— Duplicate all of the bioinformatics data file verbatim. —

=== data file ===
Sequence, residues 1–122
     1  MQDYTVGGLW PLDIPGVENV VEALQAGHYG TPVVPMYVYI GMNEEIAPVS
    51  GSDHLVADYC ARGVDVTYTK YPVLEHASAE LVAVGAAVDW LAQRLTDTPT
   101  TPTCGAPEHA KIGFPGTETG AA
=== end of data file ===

Sequence, residues 1–122
     1  MQDYTVGGLW PLDIPGVENV VEALQAGHYG TPVVPMYVYI GMNEEIAPVS
    51  GSDHLVADYC ARGVDVTYTK YPVLEHASAE LVAVGAAVDW LAQRLTDTPT
   101  TPTCGAPEHA KIGFPGTETG AA